music education

Sarah Price's debut album "SarahTonin" comes out this week
Toko Shiiki

Sarah Price is the choir teacher at Saline High School, and this week she is releasing her debut CD, SarahTonin.

An entire generation of  fifth graders is contemplating a big decision as the school year comes to an end: "What instrument should I play next year in band?"

But plenty of kids don't even know what instruments they can choose from. They may have seen Kenny G jamming on a saxophone on TV, or heard about an instrument they think might be called the "ter-bon," but they've never had the chance to actually hold one (a trombone, that is) and try blowing into it.

That's where "instrument fittings" come in.

Monks playing dungchen / Dechen Phodrang monastic school, Thimphu

A new study will create a digital sound map of religion in Midwestern cities by collecting sounds of worship – sounds like Gregorian chant, Muslim calls to prayer, and Native American chants.

The Religious Soundmap Project of the Global Midwest is led by Amy DeRogatis, an associate professor of religious studies at Michigan State University, and Isaac Weiner, an assistant professor of comparative studies at Ohio State University.

via sphinxmusic.org

The subject of diversity in the performing arts takes center stage in Detroit this weekend at the 2015 SphinxCon.

The annual conference is hosted by the Sphinx Organization, a Detroit-based, national non-profit that promotes diversity in the fine arts.

“It speaks to Sphinx’s mission for the arts to be representative of our diverse society,” says Abigayl Venman, Sphinx director of artistic affairs. “And really strive for the arts to be relevant to all facets of our community.”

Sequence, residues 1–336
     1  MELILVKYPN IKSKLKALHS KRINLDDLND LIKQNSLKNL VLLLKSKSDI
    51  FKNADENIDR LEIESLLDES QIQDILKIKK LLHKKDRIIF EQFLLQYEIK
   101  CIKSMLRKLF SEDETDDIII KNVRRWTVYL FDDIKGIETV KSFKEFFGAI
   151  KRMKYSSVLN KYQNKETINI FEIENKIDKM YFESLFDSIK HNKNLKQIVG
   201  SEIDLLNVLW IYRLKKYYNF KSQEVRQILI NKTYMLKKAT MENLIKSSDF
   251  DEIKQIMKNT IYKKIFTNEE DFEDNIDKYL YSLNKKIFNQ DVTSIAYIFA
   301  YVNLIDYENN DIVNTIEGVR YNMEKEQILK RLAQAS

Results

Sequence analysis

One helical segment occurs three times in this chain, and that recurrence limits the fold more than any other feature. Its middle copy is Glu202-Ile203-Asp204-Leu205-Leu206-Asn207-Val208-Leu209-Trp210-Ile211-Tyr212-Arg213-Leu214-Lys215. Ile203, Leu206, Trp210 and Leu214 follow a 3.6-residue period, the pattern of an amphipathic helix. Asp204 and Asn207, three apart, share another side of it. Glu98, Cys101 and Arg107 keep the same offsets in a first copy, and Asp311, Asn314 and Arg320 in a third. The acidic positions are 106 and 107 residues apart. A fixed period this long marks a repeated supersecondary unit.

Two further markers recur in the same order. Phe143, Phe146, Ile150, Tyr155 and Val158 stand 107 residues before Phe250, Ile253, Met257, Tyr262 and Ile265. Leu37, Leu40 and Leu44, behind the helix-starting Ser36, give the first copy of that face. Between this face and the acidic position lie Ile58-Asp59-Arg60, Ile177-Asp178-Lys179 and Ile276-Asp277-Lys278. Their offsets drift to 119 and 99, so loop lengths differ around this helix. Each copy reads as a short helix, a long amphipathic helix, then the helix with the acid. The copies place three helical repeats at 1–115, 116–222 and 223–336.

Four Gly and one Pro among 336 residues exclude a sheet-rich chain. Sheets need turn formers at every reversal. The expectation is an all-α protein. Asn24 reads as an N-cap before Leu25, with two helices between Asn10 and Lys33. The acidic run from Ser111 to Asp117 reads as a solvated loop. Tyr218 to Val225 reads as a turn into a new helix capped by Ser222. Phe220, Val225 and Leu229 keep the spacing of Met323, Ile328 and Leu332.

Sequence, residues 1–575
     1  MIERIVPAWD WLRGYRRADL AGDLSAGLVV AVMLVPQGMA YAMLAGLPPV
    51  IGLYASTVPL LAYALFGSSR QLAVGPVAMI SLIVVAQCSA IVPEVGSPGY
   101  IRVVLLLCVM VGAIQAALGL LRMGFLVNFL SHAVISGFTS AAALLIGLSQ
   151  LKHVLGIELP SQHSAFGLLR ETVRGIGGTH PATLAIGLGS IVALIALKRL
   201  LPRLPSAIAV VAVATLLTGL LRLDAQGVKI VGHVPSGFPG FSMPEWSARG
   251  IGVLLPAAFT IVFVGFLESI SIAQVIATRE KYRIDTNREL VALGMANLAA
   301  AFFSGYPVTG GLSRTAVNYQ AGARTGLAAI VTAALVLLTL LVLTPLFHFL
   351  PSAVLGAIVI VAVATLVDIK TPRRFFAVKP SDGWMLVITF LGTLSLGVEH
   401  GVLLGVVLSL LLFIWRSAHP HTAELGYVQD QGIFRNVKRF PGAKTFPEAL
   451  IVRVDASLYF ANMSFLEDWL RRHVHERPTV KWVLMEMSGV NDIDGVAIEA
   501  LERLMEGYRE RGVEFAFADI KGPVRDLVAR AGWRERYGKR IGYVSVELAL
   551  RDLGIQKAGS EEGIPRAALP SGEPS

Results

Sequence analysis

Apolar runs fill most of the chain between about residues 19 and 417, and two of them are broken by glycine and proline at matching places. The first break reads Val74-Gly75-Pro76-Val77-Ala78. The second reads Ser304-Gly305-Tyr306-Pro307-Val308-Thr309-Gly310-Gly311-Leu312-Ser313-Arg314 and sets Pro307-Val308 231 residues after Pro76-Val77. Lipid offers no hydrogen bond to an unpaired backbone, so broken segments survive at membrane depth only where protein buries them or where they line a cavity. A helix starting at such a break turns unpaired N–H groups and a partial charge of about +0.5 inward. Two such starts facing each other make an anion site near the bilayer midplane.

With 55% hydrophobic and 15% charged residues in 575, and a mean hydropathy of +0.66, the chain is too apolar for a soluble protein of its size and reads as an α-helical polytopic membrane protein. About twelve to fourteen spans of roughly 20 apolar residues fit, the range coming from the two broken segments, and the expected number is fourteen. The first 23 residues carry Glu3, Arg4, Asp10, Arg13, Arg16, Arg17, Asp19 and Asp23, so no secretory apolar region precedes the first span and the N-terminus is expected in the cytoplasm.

Focus on STEM overshadows importance of music education

Jan 5, 2015
Flickr

The Next Idea

When we talk about building an education system that prepares children for the creative thinking and collaboration skills necessary in today’s -- and tomorrow’s --  job market, there’s an amazing resource here in Michigan that, like most places, gets almost criminally overlooked: music educators.

Zuu Mumu Entertainment / Flickr

All too often, as school districts are forced to cut spending, programs like music get the ax.

And that sorry fact robs students of the chance to learn music, to make music, and leaves one to wonder: Where are the musicians of the future going to come from?

One Ann Arbor Elementary School is teaming up with the University of Michigan School of Music for a unique approach to teaching music...and they are turning to Venezuela for inspiration.

It's called El Sistema.

The program originated in Venezuela, and the idea was to teach disadvantaged children, to help them discoverer the power of music.

I spoke with Professor John Ellis with the University of Michigan School of Music, Theatre and Dance, where among other things, he is Director of Community and Preparatory Programs - and Horacio Contreras Espionoza, he is a UofM grad student studying cello, and he is an El Sistema teacher at Mitchell Elementary School in Ann Arbor.